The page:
May 16, 2019
Albany, NY

Governor Cuomo Announces $5.25 Million In Funding To Facilitate And Expand Access To Medication Assisted Treatment In Primary Care Clinics And Hospital Emergency Departments

Governor Cuomo Announces $5.25 Million In Funding To Facilitate And Expand Access To Medication Assisted Treatment In Primary Care Clinics And Hospital Emergency Departments

$3.5 Million Awarded to Provide Medication Assisted Treatment and Related Services in Federally Qualified Health Centers

$1.75 Million Awarded to Facilitate Buprenorphine Induction in Hospital Emergency Departments

Governor Andrew M. Cuomo today announced $5.25 million in funding to facilitate and expand access to medication assisted treatment in hospital emergency departments and primary care clinics. The funding was awarded through a series of requests for applications issued by the New York State Office of Alcoholism and Substance Abuse Services and was provided by the Substance Abuse and Mental Health Services Administration.

"New York State is committed to ensuring each and every New Yorker suffering from substance use disorder has access to the addiction treatment and support they need," Governor Cuomo said. "This critical funding will strengthen life-saving services offered across the state and will help us continue our ongoing efforts to support people on their road to recovery."

"This funding is an essential component of our strategy to combat the opioid epidemic and ensure more New Yorkers have access to the care they need," said Lieutenant Governor Kathy Hochul, Co-Chair of the NYS Heroin and Opioid Task Force, who made today's announcement. "Countless families across the state have seen the tragic consequences of addiction. With support from OASAS and SAMHSA, health care providers in every region will now be able to expand the use of medication treatments and effective strategies to save lives."

Providing medication assisted treatment (MAT) entails using medications in combination with education, counseling and/or behavioral therapies as appropriate, to treat substance use disorders. MAT is the standard of care for opioid use disorder (OUD) treatment in New York and is safe and effective.

"Access to the appropriate treatment is life-changing and critical in achieving recovery," said OASAS Commissioner Arlene González-Sánchez. "These awards will expand access to important care and enable those who are fighting addiction to receive the medication needed to help them succeed and live happy and productive lives."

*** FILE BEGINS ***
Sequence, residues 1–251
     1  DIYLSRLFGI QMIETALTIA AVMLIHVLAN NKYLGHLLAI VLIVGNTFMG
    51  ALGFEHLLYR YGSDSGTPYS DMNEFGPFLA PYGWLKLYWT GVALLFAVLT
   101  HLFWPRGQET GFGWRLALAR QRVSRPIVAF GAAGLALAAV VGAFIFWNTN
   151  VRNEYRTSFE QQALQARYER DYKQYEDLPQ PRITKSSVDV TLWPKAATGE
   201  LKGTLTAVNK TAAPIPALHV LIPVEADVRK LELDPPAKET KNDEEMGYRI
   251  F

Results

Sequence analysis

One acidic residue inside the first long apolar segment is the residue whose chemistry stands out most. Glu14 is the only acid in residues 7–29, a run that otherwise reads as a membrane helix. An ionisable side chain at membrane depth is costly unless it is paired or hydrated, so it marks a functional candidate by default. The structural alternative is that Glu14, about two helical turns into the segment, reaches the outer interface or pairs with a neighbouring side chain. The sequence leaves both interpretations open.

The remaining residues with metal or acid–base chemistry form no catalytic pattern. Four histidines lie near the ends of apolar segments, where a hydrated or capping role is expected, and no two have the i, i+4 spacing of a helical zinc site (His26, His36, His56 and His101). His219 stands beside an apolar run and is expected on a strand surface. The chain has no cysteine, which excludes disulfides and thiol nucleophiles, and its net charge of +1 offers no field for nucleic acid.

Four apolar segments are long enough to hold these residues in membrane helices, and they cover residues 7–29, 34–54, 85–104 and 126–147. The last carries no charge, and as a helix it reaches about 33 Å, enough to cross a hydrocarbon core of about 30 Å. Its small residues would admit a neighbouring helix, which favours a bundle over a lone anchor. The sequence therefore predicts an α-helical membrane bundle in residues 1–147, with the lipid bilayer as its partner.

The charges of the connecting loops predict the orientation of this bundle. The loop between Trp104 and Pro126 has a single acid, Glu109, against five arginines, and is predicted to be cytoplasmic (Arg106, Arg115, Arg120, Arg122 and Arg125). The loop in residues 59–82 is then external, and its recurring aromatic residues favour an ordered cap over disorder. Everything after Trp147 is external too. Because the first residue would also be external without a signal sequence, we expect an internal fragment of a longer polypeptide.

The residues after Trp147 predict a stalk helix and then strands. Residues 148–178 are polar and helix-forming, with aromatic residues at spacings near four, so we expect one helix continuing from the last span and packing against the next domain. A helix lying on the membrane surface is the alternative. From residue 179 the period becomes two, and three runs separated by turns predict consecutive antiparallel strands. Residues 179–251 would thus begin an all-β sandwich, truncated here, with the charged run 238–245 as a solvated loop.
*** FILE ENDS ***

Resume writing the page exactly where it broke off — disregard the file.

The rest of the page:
"With these initiatives, New York State is continuing to expand opportunities for people with addiction to get the services they need," said Dr. Howard Zucker, Commissioner of the New York State Department of Health. "Providing medication for addiction treatment in primary care clinics and hospital emergency departments is a safe and effective way to start people on the road to recovery."

The initiatives announced today are funded through a grant awarded to New York State by the Substance Abuse and Mental Health Services Administration (SAMHSA), a federal agency. They complement and expand on other statewide efforts, such as the 12 drug use health hubs located throughout the state and operated by the New York State Department of Health's AIDS Institute Office of Drug User Health. The hubs improve the availability and accessibility of an array of appropriate health, mental health, and addiction services, including MAT.

OASAS is issuing 10 awards of $350,000 to federally qualified health centers (FQHCs) to help the centers establish opioid use disorder services, including increasing prescriber capacity, counseling, behavioral therapies, and recovery supports. Staff will be trained on the utilization of all three FDA-approved addiction medications. One award will be issued to a FQHC in each of the 10 Empire State Development Regions. FQHCs must partner with at least one OASAS-certified provider to receive funding. The following FQHC programs were selected to receive awards, with the OASAS-certified providers listed in parentheses.

Capital District

  • Schenectady Family Health Services Hometown Health Centers (Conifer Park)

Central NY